We precede this section with brief backgrounds on the Civil War, Reconstruction, the Compromise of 1877, and the Constitution. If you do not know what the term organized labor means, please ask. Tip: italic—like the prior letters—is used for words used as words.)
Lesson 1—like the other Lessons—provides a copy of the section of the Study Guide for this lesson.
1. Republican Party, policy pre-Civil War/post-secession
2. Republican party, early years of Gilded Age
3. Technology 1877-1887 (mainly for new industries)
4. Prohibition (WCTU) – President Frances Willard
5. Rise of Industrial Capitalism and:
· Rockefeller and his industry
· Carnegie and his industry
· Horizontal integration / vertical integration
· Monopoly, trust (and anti-trust)
6. Rise of financial capitalism and J.P. Morgan
7. North, workers in big business
· Average work week/pay/living costs for laborers
· Child labor – why?
· Strikes (Haymarket, Homestead, Pullman)
8. Technology 1887-1893 (mainly for urban life)
1. The name itself- The Gilded Age
From a novel in the early 1870s, The Gilded Age and most associated with humorist Mark Twain
Want to understand this better? Look up these 2 words in Merriam-Webster Online Dictionary:
· The phrase golden age
2. Using this link Summary of Political Parties, what does the Republican Party become:
· By 1860 – See Evolution of Republican Issues
secession of the South - Republican Issues Revealed by Post-Secession Actions
3. Industrial capitalism and new industries building on:
· Prior legal concepts (incorporation, trusts) used for new purposes
· Horizontal (Rockefeller) integration (all the oil) – Examples of how he created monopoly.
(Carnegie) integration (all from the mines to the mills to transport)
4. Finance capitalism and J.P. Morgan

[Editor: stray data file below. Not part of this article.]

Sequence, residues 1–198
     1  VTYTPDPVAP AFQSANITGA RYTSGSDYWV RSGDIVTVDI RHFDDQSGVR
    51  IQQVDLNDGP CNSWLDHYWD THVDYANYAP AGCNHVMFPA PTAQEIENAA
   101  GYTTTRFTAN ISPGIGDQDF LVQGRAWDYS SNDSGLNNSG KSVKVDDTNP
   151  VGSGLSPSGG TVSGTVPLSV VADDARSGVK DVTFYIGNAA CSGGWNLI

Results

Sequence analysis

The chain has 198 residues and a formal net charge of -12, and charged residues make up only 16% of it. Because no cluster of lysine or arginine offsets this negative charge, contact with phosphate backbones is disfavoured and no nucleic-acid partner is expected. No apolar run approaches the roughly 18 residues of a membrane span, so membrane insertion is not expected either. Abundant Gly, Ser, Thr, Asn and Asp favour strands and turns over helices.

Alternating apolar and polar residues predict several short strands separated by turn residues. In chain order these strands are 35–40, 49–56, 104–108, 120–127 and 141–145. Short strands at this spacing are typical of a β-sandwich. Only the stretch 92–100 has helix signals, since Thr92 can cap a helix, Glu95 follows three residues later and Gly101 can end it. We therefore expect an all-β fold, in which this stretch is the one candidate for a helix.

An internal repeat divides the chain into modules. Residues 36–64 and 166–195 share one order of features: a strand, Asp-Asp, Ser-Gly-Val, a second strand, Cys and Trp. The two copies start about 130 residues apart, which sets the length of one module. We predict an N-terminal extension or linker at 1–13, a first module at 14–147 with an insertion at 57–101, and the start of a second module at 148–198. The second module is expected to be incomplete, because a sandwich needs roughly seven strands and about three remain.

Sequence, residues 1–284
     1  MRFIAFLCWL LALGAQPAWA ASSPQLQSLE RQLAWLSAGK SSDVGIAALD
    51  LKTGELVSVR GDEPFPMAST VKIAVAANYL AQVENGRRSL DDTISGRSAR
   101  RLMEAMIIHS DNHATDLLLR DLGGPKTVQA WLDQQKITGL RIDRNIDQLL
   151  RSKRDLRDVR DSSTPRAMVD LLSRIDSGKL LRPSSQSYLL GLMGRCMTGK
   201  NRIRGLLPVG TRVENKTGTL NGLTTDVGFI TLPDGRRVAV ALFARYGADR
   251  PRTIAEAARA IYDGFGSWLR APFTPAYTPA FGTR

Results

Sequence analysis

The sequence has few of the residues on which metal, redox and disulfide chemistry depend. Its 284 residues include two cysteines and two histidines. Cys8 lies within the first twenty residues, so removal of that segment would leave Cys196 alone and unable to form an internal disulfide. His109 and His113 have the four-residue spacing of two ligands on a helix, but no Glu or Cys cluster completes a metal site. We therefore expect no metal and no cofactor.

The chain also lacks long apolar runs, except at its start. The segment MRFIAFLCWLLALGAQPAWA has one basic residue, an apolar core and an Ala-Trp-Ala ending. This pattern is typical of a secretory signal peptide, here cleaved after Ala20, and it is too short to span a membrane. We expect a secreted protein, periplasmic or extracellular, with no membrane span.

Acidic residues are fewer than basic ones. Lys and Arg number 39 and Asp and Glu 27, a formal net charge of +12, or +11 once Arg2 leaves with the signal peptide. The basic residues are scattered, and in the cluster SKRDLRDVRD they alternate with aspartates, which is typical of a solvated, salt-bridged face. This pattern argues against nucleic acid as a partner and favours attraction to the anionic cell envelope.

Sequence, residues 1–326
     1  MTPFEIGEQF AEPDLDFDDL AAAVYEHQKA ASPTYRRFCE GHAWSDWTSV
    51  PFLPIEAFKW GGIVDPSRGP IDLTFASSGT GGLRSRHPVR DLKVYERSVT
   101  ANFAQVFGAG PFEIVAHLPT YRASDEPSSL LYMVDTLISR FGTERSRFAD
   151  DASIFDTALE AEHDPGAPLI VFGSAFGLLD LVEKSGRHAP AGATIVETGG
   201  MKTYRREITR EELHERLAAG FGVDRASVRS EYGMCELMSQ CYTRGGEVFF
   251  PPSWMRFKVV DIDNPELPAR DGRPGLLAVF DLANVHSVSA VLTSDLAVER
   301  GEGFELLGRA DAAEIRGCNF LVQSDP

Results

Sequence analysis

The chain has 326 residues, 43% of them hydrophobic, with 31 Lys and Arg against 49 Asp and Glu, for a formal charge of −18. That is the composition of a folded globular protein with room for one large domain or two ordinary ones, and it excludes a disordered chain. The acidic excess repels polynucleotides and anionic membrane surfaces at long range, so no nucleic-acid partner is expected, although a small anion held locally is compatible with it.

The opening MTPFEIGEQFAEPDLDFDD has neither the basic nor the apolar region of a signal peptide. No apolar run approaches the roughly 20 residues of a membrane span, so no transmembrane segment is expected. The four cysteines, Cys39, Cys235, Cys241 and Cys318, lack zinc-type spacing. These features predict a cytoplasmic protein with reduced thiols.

(Part of this is covered with the Panic of 1893 and the disasters that follow.)
5. What are the new technologies for business and for urban life and what are a few examples of what they do to and for people?
o Study Tool: Chronological Events of
the 1877-1887 Era -
Look at the column US Economic Development.
Purpose: Notice the technologies are primarily about new industries.
Study Tool: Chronological Events of
the 1887-1893 Era -
Look at the list of inventions beneath the table.
Purpose: Notice the technologies are primarily about urban life.
6. What are the early attempts to deal
with problems in America? (More are covered in Lesson 2.)
Example: WCTU (Women’s Christian Temperance Union) from about 1873 to the end of 1800s (but they still exist today)
Leader: Frances Willard (gender?)
Major Issue: Temperance – with the Anti-Saloon League developing later and the result of the 18th Amendment (for a while)
Later Issue: Women’s suffrage
7. What happens to laboring people—and
who are they and what are the differences in what they have to sell?
Snapshot of America in the 1870s-1890s (PDF) – This provides a searchable resource.
8. What are laborers’ attempts to
organize, what’s the difference in the Knights of Labor and the American
Federation of labor, and what is the response to labor by varied levels of
government and business?
What do these words mean: Pinkertons, state militia, federal troops?
o Without answers for self-testing: Comparison of Labor Events from 1874 through 1893 – and to the End of the 1890s
answers for observing patterns: Comparison with Answers
Purpose: Notice where is the labor unrest and in what industries. Notice how strikes are stopped—is that what you expected to be the method?
What are these labor events and how do they reveal unions and big business at this time. (You are not expected to be able to recognize details but to understand these as significant examples of what happened in the Gilded Age. They are usually very different from what freshman students expect.)
– 1886 Chicago - What’s anarchism? Socialism?
Police and a peaceful demonstration where someone throws a bomb. Police shoot into the crowd. Trial is usually discussed as having false testimony.
· Homestead – 1892 Pennsylvania – A Carnegie plant. Lowering of wages, the Pinkertons and a gun battle with the union and assistance from the government. Lowering of wages remains.
· Pullman – 1894 Pullman, Illinois – Company town (away from other working places) with a factory making Pullman cars. Lowering of wages, but not lowering of prices in the company store. Strike, observations by the governor of the state (Altgeld). Lowering of wages remains.